The Benefits of GPS Integration

Will new GPS integrations from boat and engine builders offer boaters options that may improve safety and convenience?
PWC running away from rider
New GPS integrations could improve boating safety. Tim Bower

My first PWC was a 1976 Kawasaki Jet Ski 400, a stand-up with a questionable title and a hole in the bow. It was resting on a loading dock behind a sketchy-looking warehouse. The man who took my $600 cash said he was “selling it for a friend.” That thing was loud and two-stroke stinky, and I was young enough to think that those were features.

You might recall that these early Jet Ski models did not have an engine-cutoff lanyard. If you fell, which happened frequently, the Jet Ski was designed to turn full lock and idle in a circle, waiting for you to swim over and get back on board. And this worked fine until the breezy day I fell off and the Jet Ski was drifting downwind. I swam and swam before I realized that the PWC was spiraling away on the breeze faster than I could swim. This was discouraging. Luckily for me, an older gentleman fishing nearby came to my rescue. He idled up in a small aluminum boat and said, “You seem to be in a pickle.”

I grasped the gunwale, and he putt-putted me over to the Jet Ski.

When I was perched on a stool at the Lake View Inn last week, I related this story to my good friend Chuck Larson. I was trying to explain the details of some interesting patent filings that Kawasaki has made, which were recently revealed by our protégé Kevin Shaw on his website, The Watercraft Journal. A number of these patents involve a Jet Ski equipped with GPS, an electric auxiliary motor, and servos to control the steering. One idea is a man-overboard function. Before you hit the water, the engine-cutoff lanyard triggers the system to pinpoint the location. The main internal combustion engine shuts down, the small electric motor is engaged and, in conjunction with the servo steering and guided by the GPS, navigates the craft back to that digital breadcrumb where the rider should be waiting. I told Chuck that I hope the Kawasaki engineers give the motor enough power to handle a really stiff headwind.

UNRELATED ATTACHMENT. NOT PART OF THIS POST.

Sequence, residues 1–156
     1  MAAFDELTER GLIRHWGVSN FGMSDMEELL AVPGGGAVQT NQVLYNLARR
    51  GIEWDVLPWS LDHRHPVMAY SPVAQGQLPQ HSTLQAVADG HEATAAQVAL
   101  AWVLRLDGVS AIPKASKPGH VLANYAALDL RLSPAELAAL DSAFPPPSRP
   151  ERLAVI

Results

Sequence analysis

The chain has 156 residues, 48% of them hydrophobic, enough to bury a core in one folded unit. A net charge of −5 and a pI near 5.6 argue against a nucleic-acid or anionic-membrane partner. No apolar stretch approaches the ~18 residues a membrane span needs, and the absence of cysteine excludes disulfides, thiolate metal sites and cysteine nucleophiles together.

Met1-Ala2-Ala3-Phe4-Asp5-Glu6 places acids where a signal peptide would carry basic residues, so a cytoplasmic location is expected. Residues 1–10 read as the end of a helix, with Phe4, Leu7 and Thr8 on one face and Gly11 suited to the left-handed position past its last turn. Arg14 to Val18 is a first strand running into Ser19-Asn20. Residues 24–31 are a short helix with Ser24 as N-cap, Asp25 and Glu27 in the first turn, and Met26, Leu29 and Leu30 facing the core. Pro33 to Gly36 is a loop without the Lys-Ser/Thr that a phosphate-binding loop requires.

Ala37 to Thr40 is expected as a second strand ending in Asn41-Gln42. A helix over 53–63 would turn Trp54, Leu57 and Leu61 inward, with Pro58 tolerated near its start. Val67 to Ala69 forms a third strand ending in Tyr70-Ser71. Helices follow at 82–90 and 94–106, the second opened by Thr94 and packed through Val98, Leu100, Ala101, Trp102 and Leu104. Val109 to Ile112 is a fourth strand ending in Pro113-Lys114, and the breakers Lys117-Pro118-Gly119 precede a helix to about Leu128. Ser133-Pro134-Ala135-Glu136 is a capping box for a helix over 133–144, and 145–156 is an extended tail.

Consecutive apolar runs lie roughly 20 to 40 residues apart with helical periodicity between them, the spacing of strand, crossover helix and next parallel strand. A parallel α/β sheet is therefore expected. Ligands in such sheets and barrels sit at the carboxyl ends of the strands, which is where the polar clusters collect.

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“Of course, just because they apply for a patent doesn’t mean an idea like this will ever make it to production,” I said, “but it’s still fun to observe all the ways that boat and engine builders are -leveraging GPS.”

“I’ve been doing some imagining too,” Chuck said. “I’ve got this idea I’m calling Chuck’s Fish Drone. I equip a drone with an infrared camera or some kind of sonar. You fly the drone over likely hotspots on the lake, and if there are fish lurking, you’d see them through an app on your boat’s multifunction display. Then mark the spot through the drone GPS. Push a button and the boat navigates itself to that spot, and you are on the fish!”

“Maybe the drone lowers a line with a night crawler on a hook, catches the fish, and brings it back to you,” I said.

“Oh! That could be Chuck’s Fishing Drone 2.0,” Chuck said. “Brilliant!”

I hope someone at Garmin doesn’t read this and steal Chuck’s idea before he gets his patent.